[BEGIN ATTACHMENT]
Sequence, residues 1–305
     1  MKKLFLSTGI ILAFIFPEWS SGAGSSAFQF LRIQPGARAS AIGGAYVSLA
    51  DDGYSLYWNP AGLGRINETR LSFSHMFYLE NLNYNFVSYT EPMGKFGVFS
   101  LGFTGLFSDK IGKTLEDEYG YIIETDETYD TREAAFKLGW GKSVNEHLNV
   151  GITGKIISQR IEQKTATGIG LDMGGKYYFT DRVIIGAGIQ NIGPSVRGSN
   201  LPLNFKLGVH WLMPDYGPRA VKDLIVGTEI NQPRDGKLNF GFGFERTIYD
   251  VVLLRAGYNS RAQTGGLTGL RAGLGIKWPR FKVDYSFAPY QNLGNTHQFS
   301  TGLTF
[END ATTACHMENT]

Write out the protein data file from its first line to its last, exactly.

Sequence, residues 1–305
     1  MKKLFLSTGI ILAFIFPEWS SGAGSSAFQF LRIQPGARAS AIGGAYVSLA
    51  DDGYSLYWNP AGLGRINETR LSFSHMFYLE NLNYNFVSYT EPMGKFGVFS
   101  LGFTGLFSDK IGKTLEDEYG YIIETDETYD TREAAFKLGW GKSVNEHLNV
   151  GITGKIISQR IEQKTATGIG LDMGGKYYFT DRVIIGAGIQ NIGPSVRGSN
   201  LPLNFKLGVH WLMPDYGPRA VKDLIVGTEI NQPRDGKLNF GFGFERTIYD
   251  VVLLRAGYNS RAQTGGLTGL RAGLGIKWPR FKVDYSFAPY QNLGNTHQFS
   301  TGLTF